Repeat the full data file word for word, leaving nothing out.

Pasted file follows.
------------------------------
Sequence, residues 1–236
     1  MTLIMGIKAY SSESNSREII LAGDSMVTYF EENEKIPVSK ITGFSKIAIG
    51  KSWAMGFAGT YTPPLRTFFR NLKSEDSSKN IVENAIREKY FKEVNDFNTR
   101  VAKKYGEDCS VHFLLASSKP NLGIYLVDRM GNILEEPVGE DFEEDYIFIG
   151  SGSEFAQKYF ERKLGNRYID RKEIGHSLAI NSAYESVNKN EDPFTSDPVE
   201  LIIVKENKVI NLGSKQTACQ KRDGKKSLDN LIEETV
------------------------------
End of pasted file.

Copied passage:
Sequence, residues 1–236
     1  MTLIMGIKAY SSESNSREII LAGDSMVTYF EENEKIPVSK ITGFSKIAIG
    51  KSWAMGFAGT YTPPLRTFFR NLKSEDSSKN IVENAIREKY FKEVNDFNTR
   101  VAKKYGEDCS VHFLLASSKP NLGIYLVDRM GNILEEPVGE DFEEDYIFIG
   151  SGSEFAQKYF ERKLGNRYID RKEIGHSLAI NSAYESVNKN EDPFTSDPVE
   201  LIIVKENKVI NLGSKQTACQ KRDGKKSLDN LIEETV